A couple of days before my D&C I headed over to Home Sense, to lose myself in some holiday décor shopping. I got some festive ornaments, throw pillows, and these awesome 2’ x 4’ typographic canvases that pack a lovely graphic punch to our living room wall. Because we all know nothing says Christmas like random pop art. Especially when it’s on sale.
I knew I had thrown myself into a bit of a retail therapy mania, but it was nice to stop thinking about my situation, look around at the transformed living room, see my family ooh and ahh with happiness, and to know that I was still capable of bringing joy to people despite my recent chain of bad news events.
The next day at the hospital, I saw things quite differently. Far from the anxiety I had battled every other visit, I felt peacefully resigned to not knowing what would happen next. As I sat without wearing glasses or contacts waiting outside OR 19 for my surgery, I suddenly stopped squinting and the world took on a velvet quality. Even the ugly, sterile hospital environment seemed to soften and the ‘migraine neon’ became a lovely hazy glow.
“Wow. I should do this more often. I can’t see everything, but I don’t need to..it’s very relaxing and enjoyable to just ‘be’ here.”
It was the moment where the penny dropped. The carp jumped from the water. The cherry blossom wavered in the breeze.
“Oh. So maybe I don’t have to know everything. Maybe, I don’t need to be a step ahead. Maybe I can stop scrutinizing my past for clues to the future, or bracing myself for the next ‘what if.’ This is heavy. I think I am actually relaxing my eyes like Rodney Yee says in that yoga DVD! Wow. Maybe this is why they say ‘blind faith.’ Or at least -4.25 faith...wait a minute. What was that singer’s name? I’m pretty sure it was Faith...Faith Evans? That’s it…’I never knew a loooooove, a love like this before..ooOOoooo’...”
Not exactly the mind of a Zen master, but I looked around with renewed sight.
I realized that when blurry people walked towards me I wasn’t frightened even though I didn’t know who they were. I realized I could still smile at the faces of those that I couldn’t see properly. I didn’t have to see perfectly to put my hand in someone else’s and trust them so they could lead me for a time. I didn’t have to always know where I was going and what was going to happen, but I could still be happy.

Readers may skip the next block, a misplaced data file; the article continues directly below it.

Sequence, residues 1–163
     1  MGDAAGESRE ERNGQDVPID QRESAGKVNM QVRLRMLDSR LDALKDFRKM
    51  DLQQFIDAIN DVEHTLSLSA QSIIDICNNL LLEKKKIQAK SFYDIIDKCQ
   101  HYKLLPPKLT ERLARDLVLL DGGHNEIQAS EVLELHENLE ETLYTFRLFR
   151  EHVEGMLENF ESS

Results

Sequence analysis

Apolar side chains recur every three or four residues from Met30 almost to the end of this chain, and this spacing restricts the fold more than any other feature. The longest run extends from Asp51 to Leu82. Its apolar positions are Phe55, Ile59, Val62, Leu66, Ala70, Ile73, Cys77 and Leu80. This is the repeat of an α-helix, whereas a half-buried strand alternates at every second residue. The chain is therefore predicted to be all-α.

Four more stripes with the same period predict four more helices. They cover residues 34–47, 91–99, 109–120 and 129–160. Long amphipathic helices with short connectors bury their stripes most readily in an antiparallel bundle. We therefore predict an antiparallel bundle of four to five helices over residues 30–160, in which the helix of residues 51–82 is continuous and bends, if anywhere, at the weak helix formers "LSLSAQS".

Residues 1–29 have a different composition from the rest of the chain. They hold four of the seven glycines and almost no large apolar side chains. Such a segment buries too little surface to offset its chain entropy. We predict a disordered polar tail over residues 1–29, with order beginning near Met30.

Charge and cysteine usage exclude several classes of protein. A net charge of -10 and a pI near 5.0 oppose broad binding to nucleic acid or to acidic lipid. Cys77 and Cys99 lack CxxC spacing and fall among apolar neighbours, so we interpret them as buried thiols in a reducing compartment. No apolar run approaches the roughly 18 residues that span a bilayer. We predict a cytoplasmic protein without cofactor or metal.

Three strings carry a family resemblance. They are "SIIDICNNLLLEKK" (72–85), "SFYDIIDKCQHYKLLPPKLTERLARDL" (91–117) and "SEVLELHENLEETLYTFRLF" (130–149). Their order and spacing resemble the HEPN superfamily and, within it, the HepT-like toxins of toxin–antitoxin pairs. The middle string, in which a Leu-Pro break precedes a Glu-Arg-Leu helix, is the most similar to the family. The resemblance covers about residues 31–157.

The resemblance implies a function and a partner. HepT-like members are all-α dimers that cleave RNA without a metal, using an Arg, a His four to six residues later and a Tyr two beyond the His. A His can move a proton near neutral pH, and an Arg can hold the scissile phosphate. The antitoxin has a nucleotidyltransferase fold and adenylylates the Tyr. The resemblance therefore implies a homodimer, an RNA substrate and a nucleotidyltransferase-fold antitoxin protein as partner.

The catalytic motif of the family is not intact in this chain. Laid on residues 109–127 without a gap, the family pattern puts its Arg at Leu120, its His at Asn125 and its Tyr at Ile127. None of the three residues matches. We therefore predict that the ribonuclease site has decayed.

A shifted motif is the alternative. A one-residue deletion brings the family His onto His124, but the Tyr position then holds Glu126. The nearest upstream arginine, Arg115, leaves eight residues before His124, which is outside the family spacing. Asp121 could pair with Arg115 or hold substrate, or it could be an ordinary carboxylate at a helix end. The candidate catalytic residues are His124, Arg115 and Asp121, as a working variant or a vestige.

Holy crap. That was deep.
Much later after we got home from the procedure, I sat down in our silent living room eager to recreate that moment of transcendental wisdom. It was like I was sitting in the middle of a Monet; my own blurry little holographic universe. Who would have thought that taking your glasses off could be such a profound experience? Why hadn’t I thought to do this before? What was I so scared of missing out on if I couldn’t see anything and everything, literally and figuratively?
I breathed deeply, closed my eyes, and let my mind drift into a casual meditation about seeing, perception, control, and knowing what’s ahead. Ok, and the Smashing Pumpkins. I don’t know—they just got in there.
After a while, I opened my eyes, put my glasses back on, and found myself staring at the graphic canvases I had just bought a couple of days before.
How the heck had I missed this? They weren’t just random typographic designs.
One canvas said ‘Keep Calm And Carry On.'
The other said: “Seeing within changes one’s outer visions.”
Ha. Talk about messages from the universe. I couldn’t believe that I didn’t notice until I gave myself the time to really focus on me.
Dong. (You heard that this time too, right?)
Hope, faith, messages from the universe, magic, sheer coincidence. Whatever you want to call it, it’s all around us if we just take the time to un-see what we think we know so well.
No matter what lies ahead and no matter how scary the unknown is, try and remind yourself that you don’t have to know anything other than where and who you are right now.
And even when you don’t know what you’re looking for, just believe that it’s probably right in front of you the whole time, waiting to be discovered. Or on sale at Home Sense.
I hope you and your families have a lovely and special holiday together.